If you need access to cheap prescription drugs and you do not have a prescription plan for your health insurance, one option is to use a coupon program. There are a small handful of them out there, Good Rx being the most popular. The thing is that you don’t pay for the coupon company’s service. It’s free. So, exactly how do these companies make money?
Though their business models may differ, they all make money through some sort of arrangement with a pharmacy benefit manager (PBM). A PBM is a company that administers prescription drug programs on behalf of pharmaceutical companies, pharmacies, and healthcare providers. Using a coupon is like accessing a secret prescription drug plan similar to the plan some health insurance policies offer.
If you want to know exactly how Good Rx makes money, you can look at their SEC filing from 2020. In that filing, they detail almost everything you need to know about their business plan. Below is a brief explanation of their business plan.
What Pharmacies Charge
Prescription drug coupon programs are only profitable because of how our crazy system is set up. It starts with what pharmacies charge. Unlike an online Canadian pharmacy, like Canada Pharmacy, for example. U.S. brick-and-mortar pharmacies utilize tiered pricing. They charge one price for insured customers and another for uninsured. Those in the latter group are charged more.
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Pharmacies do this because they have no say in insured patient pricing. PBMs negotiate drug prices for each of the plans they administer. If a pharmacy wants to be on a PBMs network, it has to accept their pricing for insured patients. And because reimbursements for insured payments are not as high as pharmacies want them to be, they charge uninsured customers more to make up the difference. This explains why Canadian drugs ordered online are so much cheaper.
PBMs and Coupon Programs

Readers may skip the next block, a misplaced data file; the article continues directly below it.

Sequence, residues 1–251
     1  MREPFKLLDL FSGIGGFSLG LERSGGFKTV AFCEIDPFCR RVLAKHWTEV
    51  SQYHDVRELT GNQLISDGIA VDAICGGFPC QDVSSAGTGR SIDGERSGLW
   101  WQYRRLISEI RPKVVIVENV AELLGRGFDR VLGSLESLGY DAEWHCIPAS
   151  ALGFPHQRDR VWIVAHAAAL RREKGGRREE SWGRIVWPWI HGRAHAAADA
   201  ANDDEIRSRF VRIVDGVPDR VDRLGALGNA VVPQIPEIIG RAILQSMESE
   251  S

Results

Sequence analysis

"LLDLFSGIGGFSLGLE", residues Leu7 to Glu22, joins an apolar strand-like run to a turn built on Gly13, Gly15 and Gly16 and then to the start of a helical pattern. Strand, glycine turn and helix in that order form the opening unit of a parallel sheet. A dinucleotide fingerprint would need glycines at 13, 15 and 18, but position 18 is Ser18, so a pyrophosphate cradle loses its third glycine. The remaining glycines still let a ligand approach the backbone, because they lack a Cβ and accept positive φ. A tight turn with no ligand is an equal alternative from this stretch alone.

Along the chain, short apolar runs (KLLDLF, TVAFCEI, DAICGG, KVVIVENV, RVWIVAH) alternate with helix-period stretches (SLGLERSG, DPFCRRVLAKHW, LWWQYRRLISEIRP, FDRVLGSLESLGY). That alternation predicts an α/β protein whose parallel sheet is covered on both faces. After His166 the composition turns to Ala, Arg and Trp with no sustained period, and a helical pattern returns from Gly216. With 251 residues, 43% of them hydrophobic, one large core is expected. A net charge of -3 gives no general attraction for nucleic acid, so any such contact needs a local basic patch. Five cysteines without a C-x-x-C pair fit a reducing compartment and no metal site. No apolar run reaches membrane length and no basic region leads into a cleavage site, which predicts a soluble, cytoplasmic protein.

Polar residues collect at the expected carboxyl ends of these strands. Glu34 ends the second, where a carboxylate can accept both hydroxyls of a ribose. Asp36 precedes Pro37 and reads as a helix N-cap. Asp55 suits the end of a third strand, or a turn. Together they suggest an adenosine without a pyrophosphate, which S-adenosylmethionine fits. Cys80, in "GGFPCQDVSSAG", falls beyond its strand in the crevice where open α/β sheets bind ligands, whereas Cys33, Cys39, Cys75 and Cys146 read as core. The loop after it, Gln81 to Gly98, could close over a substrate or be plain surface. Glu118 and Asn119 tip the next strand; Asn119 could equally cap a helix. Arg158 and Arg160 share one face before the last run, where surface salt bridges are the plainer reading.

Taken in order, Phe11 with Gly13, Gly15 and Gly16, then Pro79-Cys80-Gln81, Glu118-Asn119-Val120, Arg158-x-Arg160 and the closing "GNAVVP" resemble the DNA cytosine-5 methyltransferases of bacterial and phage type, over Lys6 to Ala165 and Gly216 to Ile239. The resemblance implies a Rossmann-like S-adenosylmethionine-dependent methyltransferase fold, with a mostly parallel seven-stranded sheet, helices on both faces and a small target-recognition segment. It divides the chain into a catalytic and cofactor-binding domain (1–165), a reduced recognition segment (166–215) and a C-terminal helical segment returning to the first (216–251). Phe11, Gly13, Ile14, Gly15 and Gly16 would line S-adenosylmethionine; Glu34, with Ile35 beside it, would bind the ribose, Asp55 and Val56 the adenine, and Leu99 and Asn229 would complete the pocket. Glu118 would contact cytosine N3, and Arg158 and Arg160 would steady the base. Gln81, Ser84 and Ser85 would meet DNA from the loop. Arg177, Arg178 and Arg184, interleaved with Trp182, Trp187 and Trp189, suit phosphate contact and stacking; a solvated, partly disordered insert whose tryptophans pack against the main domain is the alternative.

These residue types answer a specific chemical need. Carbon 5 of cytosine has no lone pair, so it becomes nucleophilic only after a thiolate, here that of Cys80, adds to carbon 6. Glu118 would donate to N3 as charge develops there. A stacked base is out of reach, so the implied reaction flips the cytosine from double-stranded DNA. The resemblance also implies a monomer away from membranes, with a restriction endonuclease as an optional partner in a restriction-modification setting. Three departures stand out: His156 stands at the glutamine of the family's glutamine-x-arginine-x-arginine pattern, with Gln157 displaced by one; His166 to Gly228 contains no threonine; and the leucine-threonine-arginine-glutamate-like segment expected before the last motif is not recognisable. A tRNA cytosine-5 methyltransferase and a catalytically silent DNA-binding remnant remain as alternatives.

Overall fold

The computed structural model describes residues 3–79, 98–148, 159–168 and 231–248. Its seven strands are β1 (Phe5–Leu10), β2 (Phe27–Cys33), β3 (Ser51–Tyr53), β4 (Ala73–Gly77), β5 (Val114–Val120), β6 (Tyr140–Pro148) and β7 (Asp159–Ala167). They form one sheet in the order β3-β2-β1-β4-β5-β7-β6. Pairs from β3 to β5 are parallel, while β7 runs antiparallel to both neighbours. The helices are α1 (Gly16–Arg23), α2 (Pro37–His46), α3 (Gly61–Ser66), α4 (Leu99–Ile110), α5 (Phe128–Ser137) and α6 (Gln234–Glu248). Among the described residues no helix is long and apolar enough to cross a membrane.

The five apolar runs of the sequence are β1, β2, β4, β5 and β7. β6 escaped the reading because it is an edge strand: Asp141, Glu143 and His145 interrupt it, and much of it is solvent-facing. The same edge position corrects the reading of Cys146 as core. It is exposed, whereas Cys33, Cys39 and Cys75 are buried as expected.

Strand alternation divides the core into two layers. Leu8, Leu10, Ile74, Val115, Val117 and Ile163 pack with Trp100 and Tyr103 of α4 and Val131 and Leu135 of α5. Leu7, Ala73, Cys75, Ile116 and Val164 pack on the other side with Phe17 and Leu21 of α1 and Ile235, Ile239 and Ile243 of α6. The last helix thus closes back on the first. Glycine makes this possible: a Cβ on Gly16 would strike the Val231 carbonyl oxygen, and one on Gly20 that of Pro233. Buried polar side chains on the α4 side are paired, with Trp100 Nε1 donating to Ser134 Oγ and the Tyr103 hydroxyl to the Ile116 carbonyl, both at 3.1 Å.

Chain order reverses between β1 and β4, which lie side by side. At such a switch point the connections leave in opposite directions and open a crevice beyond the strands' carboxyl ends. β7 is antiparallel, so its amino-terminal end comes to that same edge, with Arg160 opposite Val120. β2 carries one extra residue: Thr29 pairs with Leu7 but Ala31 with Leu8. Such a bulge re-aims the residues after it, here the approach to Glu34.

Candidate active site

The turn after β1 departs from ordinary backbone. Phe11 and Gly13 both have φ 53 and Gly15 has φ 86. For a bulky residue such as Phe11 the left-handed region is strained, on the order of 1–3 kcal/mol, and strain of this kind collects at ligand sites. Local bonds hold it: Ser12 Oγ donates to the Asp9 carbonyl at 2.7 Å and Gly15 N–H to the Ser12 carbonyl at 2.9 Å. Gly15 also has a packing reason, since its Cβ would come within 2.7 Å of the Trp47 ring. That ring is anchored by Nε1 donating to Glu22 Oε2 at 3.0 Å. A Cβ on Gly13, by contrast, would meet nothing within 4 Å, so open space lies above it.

Now, because there are so many people out there who are either completely uninsured or do not have prescription plans with their health insurance, PBMs have created programs through which pharmacies can access those patients. They negotiate cash prices with pharmacies that choose to participate, then publish those prices on their network. They are the same prices you see advertised by coupon programs.
When you buy your prescription and present a coupon, the pharmacy files the equivalent of an insurance claim with the PBM. Good Rx takes a portion of your payment as its fee; the pharmacy keeps the rest. Note that the price you pay is still higher than what an insured patient would pay, but lower than someone who doesn’t use a coupon. Yet you still might pay less by ordering online from a company like Canada Pharmacy.
Why Pharmacies Would Do It
You might wonder why pharmacies would agree to such a deal with the understanding that they will earn less money than they would charging their highest cash price. The answer is encapsulated in a single word: competition. Pharmacies want as many uninsured customers buying from them as possible. There will always be those unwilling to use coupon programs and pay higher prices. But in order to get their share of those customers looking for discount prices, they sign on to coupon programs.
PBMs are fine with that because they get paid via rebates from pharmaceutical companies. Their rebates are based on the volume of drugs their programs sell. Discounted cash prices do not harm them at all. They still get the same rebates. It all works out because the payment aspect of our healthcare system is so convoluted. It is amazing but true.